Literature has no role in the New World; in fact, it is prohiited. When the Savage arrives in the New World and he recites lines from Romeo and Juliet, the children laugh, for they are unable to understand the emotion that the Savage exhibits as he recites. Then, in Chapter XVI, Mustapha Mond tells Helmholtz, Bernard, and the Savage, who are interested in Othello that no one would understand tragedies. For, they have been designed to remain satisfied at all times in order for the society to remain stable. "You can't make tragedies without social instabiltiy," he tells the men. When the Savage objects, saying that Othello is much better than the feelies, Mond agrees, but adds,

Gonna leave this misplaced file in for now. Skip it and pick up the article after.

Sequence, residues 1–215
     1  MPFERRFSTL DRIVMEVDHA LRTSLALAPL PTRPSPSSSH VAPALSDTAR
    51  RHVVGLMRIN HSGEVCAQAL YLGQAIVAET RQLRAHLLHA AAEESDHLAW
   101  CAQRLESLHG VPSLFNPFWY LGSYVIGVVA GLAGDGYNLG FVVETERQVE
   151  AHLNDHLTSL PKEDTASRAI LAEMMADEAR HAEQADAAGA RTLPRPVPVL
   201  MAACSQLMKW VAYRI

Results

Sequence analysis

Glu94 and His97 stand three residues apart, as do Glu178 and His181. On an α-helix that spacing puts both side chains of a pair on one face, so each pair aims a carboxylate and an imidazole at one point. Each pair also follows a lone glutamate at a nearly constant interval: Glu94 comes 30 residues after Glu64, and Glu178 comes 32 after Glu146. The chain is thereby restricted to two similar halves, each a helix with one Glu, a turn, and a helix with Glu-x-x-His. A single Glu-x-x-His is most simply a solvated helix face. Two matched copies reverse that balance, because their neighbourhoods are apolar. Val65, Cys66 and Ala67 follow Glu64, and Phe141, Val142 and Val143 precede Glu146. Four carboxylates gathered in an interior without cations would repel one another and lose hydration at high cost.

"...that's the price we have to pay for stability. You've got to choose between happiness and what people used to call high art. We've sacrificed the high art. We have the feelies and the scent organ instead."
Since there is no true independent thought or real emotion, literature has no place in the Brave New World.